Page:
Unintentional hedging diminishes, undermines or negates your message. For example, this recent headline in Mother Jones:
NRA’s Armed Security Guard Proposal Kind Of Popular
Normally I avoid critiquing headlines, because headline writers often must sacrifice grammar and good diction in order to keep headlines short. But this headline writer deliberately made his headline longer in order to use the trendy hedge kind of.
Kind of and like have become mania expressions in recent years. Often you see people quoted in the press who seem unable to use a predicate adjective without putting kind of or like in front of it: He looked kind of horrible. I was kind of terrified. It was like catastrophic. He seemed kind of psychotic. It was kind of apocalyptic.
Many people use more than one kind of or like per minute. If you hedge that frequently, even obtuse listeners are going to wake up and notice it. When they do, they will receive this unintended message from you: “I’m not really saying anything. I’m just thinking out loud, and I’m not even sure of the thoughts. So, don’t listen to me.”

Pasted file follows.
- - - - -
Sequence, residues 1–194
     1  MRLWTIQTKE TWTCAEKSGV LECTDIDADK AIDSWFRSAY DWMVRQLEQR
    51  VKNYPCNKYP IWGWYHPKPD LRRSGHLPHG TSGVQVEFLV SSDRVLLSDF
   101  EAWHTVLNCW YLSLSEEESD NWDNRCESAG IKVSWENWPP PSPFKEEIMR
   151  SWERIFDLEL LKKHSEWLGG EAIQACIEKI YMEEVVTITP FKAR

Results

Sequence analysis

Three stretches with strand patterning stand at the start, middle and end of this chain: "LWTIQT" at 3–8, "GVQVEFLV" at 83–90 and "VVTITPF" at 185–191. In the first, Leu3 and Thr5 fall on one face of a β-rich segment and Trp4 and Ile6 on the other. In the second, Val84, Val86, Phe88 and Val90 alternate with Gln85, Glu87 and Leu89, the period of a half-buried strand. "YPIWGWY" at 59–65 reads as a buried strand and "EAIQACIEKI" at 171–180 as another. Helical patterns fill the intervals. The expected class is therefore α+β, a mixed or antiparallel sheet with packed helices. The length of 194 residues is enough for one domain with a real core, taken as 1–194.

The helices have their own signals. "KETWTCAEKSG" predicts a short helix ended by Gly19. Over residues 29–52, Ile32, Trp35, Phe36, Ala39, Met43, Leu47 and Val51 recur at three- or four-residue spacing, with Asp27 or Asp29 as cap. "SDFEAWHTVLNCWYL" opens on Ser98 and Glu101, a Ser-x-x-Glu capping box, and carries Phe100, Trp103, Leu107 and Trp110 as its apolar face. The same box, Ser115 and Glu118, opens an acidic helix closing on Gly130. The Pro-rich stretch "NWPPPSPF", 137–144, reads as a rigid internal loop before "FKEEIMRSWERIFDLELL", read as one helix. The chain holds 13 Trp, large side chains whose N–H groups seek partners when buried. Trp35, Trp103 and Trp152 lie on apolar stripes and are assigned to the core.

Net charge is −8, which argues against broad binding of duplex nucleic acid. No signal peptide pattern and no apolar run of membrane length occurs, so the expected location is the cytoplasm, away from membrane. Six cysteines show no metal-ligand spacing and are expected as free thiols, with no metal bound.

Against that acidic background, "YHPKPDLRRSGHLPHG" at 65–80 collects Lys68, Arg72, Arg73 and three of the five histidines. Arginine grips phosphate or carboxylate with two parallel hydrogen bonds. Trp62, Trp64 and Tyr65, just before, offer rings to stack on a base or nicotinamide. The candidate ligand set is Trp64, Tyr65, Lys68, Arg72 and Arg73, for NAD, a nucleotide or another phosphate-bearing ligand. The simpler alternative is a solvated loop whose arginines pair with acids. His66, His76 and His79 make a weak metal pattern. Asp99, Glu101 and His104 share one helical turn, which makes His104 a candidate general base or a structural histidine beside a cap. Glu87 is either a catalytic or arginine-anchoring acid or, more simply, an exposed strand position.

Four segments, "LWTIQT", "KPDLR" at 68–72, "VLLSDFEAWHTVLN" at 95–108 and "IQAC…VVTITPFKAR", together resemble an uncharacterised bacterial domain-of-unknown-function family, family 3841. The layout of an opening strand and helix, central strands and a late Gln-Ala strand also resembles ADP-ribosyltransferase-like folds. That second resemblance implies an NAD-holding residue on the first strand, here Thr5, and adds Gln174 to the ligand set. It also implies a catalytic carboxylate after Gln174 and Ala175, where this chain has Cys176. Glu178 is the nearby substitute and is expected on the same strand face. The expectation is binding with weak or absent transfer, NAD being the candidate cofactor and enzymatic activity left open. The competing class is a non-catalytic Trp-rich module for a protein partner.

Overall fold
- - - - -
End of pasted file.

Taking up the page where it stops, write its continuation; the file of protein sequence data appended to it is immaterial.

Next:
The Takeaway: Say what you mean. If you intend to hedge, hedge: “I’ll be there about four o’clock.” Otherwise, don’t hedge. If you say what you mean, you will earn more respect.
Happy National Grammar Day!
See this timely story about
grammar and professional success.
Update, March 7, 2013: Rand Paul, a U.S. politician, apparently has scored a political point against Eric Holder, another U.S. politician. Yesterday, Mr. Paul told the Washington Post, “I’ve kind of won my battle.” (Source)